Catching a criminal through psychology 

Forensic psychologist Dr Gavin Oxburgh on false memories and how empathy works over torture 90% of the time.

Published: 26th November 2016 02:50 AM  |   Last Updated: 26th November 2016 02:50 AM   |  A+A-

Express News Service

BENGALURU: Did you know that your memory about a particular incident could be false? That using empathy during interrogation instead of torture and violence leads to 90 per cent more positive results?
All these concerns are part of an emerging branch of psychology called ‘forensic psychology’. “Over the past few years we have seen a renewed interest in this particular field,” said Dr Gavin Oxburgh, a leading forensic psychologist with Newcastle University. Dr Gavin was in the city speaking with students making them aware about the possibilities of a career in the field.

False Witness Memories
One of the concepts that students seemed very interested in during his interaction with students was that of ‘false memories’ of witnesses. Explaining the concept he said: “A witness may say that he saw a blue car crash into another. As an interrogator if I tell the witness that maybe he or she saw a red car. The witness may probably agree. Then that could lead to dilution. it is important to be very careful.” he says. The challenge to separate memories that are real from those that have been imagined especially after a gap of many years is therefore difficult and requires special expertise.            

Child Sexual Abuse
For example in cases of child sexual abuse, often the victims take years to finally come out in the open. The challenge therefore is to sift through such memories. When asked to give his insight about about the psychology of child sex offenders, Dr Gavin said that a number of such people usually work in places with close proximity with children. Often victims of child sexual abuse do not come out because many of the offenders are in positions of power, be it a priests, teachers or others. Its only when the victims feel that they will get support from the society that they feel confident to speak up. “You have cases like that of BBC presenter like Jimmy Savile where the victims spoke after many years,” said Dr Gavin. Prior to entering academics, Dr Gavin worked as a senior detective specializing in child protection and sexual offenses. Dr Gavin said that although children make the best witnesses there was a need to follow strict protocols while questioning them.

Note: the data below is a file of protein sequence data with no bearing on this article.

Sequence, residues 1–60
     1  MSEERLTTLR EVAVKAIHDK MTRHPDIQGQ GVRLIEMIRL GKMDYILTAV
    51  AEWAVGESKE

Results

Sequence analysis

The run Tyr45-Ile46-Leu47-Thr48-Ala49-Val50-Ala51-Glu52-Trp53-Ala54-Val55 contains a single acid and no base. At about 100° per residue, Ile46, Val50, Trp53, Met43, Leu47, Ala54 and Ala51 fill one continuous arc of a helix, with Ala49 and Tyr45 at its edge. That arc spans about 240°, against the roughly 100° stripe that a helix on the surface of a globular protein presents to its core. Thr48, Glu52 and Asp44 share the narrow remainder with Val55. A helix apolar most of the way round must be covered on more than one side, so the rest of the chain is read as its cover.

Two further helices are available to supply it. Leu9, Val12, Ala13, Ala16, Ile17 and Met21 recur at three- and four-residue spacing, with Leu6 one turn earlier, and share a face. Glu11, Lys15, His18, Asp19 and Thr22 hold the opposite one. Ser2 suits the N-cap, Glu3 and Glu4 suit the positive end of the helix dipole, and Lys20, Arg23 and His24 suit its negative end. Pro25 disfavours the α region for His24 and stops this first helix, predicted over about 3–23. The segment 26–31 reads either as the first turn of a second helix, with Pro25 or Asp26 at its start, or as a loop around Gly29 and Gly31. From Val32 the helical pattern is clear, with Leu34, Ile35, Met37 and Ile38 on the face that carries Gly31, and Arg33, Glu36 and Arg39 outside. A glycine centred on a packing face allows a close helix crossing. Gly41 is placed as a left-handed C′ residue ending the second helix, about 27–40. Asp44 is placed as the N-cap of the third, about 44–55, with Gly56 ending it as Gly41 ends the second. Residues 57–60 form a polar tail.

Interview with Empathy
Dr Gavin is also a part of the drafting team of the United Nations Special Rapporteur on Torture and Other Cruel, Inhuman or Degrading Treatment or Punishment. This is an effort to to make a report to develop a universal protocol for interrogations, investigations, and custody practices that are grounded in fundamental principles of international human rights law.

‘Linguistic’ Forensics
Deciphering handwriting or text messages during cases of homicides, kidnapping or suicide can tell one a lot about the case. “Take the case of a kidnapping that turns into a homicide. The offender may want to still keep the victim alive using his or her phone and text messages. However there are certain giveaways if one examines the structure and content of the texts,” says Gavin.  

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